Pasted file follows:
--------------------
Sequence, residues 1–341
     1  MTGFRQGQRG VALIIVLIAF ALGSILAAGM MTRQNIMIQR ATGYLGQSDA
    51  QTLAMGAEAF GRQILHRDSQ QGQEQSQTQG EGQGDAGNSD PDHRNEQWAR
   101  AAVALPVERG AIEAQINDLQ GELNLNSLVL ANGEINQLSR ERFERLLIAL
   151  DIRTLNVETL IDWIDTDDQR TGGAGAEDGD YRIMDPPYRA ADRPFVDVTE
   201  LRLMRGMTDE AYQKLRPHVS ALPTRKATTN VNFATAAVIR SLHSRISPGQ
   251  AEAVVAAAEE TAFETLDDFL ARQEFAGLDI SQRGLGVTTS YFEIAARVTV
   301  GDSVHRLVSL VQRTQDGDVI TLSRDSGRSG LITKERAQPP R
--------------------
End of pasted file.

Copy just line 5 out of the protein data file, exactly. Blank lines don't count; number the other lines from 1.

   151  DIRTLNVETL IDWIDTDDQR TGGAGAEDGD YRIMDPPYRA ADRPFVDVTE